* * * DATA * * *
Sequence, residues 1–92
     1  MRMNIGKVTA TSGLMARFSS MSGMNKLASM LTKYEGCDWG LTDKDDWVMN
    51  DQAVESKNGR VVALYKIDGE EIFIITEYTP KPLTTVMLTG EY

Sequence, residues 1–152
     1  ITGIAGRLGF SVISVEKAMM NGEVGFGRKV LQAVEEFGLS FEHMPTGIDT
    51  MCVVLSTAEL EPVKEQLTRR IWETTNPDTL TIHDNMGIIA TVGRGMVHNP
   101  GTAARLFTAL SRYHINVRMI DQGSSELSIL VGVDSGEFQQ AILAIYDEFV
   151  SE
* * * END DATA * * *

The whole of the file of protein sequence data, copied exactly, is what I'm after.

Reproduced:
Sequence, residues 1–92
     1  MRMNIGKVTA TSGLMARFSS MSGMNKLASM LTKYEGCDWG LTDKDDWVMN
    51  DQAVESKNGR VVALYKIDGE EIFIITEYTP KPLTTVMLTG EY

Sequence, residues 1–152
     1  ITGIAGRLGF SVISVEKAMM NGEVGFGRKV LQAVEEFGLS FEHMPTGIDT
    51  MCVVLSTAEL EPVKEQLTRR IWETTNPDTL TIHDNMGIIA TVGRGMVHNP
   101  GTAARLFTAL SRYHINVRMI DQGSSELSIL VGVDSGEFQQ AILAIYDEFV
   151  SE